The applicant does not at this stage deny the existence of that interest.
What he is telling the court however is that the caveat should be removed as it affects his rights on the other 250 acres of land in which the respondent has no interest. He says his would like to charge the rest of the land with AFC to enable him get a loan. He cannot do so however because the caveat affects the whole property. The respondent on the other hand is asking the court not to remove the caveat as this would bring his interest in the 50 acres into jeorpardly. He says he was not able to lodge the caution against only the 50 acres because they are fused in the 300 acres and it has not Title number.
If the 50 acres had a separate Title Deed, he would have lodged the caution against that Title. He has no interest whatsoever on the other 250 acres belonging to the applicant herein.
The applicant in his application is relying on the case of BOYES VS GATHURE (1969)EA 385. At page 390, it was held as hereunder.
“As it is not possible to distinguish even generally that part of the property against which a claim is made, th e entry of the caveat as a whole mustbe struck out …………….”
The East African court of Appeal found that it was unfair for the caveat to affect event that part of the land that the caveator had no interest in. In this case however, the respondent’s interest is clearly defined.
According to the respondent however, his interest on the property herein is restricted to 50 acres which are defined on the ground and which the applicant is at liberty to curve out so that the caveat is only restricted to the 50 acres. His contention is that if the caveat is withdrawn, then his interest on the 50 acres will not be protected and he has no other way of protecting the same pending the determination of the main surf.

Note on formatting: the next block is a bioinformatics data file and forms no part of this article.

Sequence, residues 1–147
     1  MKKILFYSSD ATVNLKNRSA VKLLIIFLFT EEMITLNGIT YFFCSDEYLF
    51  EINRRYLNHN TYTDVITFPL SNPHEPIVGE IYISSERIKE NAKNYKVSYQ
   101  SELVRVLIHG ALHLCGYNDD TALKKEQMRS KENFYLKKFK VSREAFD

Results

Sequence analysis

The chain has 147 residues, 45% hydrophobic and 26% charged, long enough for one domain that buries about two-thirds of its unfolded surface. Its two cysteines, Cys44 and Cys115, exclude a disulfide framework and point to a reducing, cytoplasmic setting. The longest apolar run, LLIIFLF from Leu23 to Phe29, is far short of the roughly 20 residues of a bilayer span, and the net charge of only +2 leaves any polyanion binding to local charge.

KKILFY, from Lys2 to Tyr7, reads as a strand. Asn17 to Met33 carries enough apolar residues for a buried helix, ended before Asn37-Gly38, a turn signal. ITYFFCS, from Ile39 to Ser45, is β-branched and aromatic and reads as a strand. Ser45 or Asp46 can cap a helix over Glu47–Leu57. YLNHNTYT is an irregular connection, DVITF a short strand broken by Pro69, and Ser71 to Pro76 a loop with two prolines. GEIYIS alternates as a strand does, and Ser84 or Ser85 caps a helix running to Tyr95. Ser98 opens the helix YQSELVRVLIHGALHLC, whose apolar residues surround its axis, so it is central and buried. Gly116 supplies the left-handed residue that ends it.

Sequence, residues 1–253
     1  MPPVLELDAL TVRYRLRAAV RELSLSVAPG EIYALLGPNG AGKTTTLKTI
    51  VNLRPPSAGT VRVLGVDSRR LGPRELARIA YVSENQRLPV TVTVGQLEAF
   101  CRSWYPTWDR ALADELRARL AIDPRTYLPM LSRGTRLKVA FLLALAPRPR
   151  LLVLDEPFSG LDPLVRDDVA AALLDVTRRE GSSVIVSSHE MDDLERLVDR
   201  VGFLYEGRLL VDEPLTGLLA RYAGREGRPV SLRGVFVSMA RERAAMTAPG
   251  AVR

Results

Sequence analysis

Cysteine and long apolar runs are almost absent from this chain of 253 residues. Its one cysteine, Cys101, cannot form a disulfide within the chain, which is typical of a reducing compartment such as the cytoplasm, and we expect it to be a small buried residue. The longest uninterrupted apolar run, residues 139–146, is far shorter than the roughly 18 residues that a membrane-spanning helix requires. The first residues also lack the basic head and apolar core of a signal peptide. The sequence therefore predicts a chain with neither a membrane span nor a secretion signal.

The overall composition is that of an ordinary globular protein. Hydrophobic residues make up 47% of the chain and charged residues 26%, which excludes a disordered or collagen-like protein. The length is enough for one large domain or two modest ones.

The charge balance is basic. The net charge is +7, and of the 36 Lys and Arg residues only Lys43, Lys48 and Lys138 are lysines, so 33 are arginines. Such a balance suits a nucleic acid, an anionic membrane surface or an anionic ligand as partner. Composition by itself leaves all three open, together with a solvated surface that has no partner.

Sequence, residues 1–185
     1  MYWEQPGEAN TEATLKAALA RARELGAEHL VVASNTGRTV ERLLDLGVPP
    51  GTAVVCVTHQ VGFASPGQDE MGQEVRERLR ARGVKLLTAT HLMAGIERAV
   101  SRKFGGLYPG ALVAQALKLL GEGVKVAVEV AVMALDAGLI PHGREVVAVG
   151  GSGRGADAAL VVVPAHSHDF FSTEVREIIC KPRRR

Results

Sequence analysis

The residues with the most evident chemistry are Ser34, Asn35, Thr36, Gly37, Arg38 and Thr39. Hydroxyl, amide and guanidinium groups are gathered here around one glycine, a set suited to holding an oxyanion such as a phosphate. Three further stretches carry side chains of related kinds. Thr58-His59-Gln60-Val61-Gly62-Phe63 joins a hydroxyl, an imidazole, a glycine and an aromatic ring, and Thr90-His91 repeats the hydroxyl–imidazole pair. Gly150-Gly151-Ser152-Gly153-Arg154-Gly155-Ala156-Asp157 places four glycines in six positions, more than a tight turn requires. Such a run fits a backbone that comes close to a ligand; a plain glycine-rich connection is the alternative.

I have considered the pleadings before me very carefully and the deponements by both parties.
There appears to be a silent consensus that it is actually not fair that the applicant should be stopped from utilizing his 250 acres in anyway he likes – as this will not affect the caveator’s rights. The question however is how can he do this with the caveat against the whole Title in place.
On the other hand, how does the respondent herein protect his rights over the 50 acres of the same Title unless the caveat is left in place? If the court were to remove the caveat today, there will be nothing to stop the applicant herein from disposing of not only his rights on that property but also those of the respondent/caveator.
Whereas it is unfair to have the caveat on the whole Title, it is also unfair to leave the rights of the respondent unprotected. This is what would happen if the orders granted were sought.
Only one party has a solution to this paradox – i.e. the applicant. In all fairness, if he wants to be allowed ………………… pg 8 used of his 250 acres, then let him make it possible for the respondent to protect his interest in the 50 acres pending the determination of the main suit.
The caveat has been in force for 14 years. The applicant herein has done nothing to curve out the 50 acres claimed by the respondent so that the caveat would be restricted to the same.
He could even have had the 2 Title Deeds in his name. That would ensure that his 250 acres are not affected by the caveat in the other 50 acres.
If therefore he is unable to make full use of his 250 acres because of the caveat, then he is the only person to blame for it.
The court will leave the respondent herein unprotected if it orders that the caveat in question be vacated. It is the courts duty to preserve the rights of both parties herein until the issue of the transfer of the 50 acres to the respondent is resolved.
The applicant should not be allowed to use the court to transfer on the rights of the respondent. If he were to have the 50 acres registered under a different Title, then I would not hesitate to vacate the caveat on the property.
As matters stand now, the court finds that the applicant has not come to court with clean hands. He holds the solution to his problem yet he does not wish to pursue that option
The applicant has failed to convince the court that it is in the interests of justice that the said caveat be removed. Consequently, I find his application not merited.
I dismiss the same with costs to the respondent. It is so ordered.
DELIVERED THIS ………………………. DAY OF JUNE, 2004 IN OPEN COURT IN
THE PRESENCE OF:-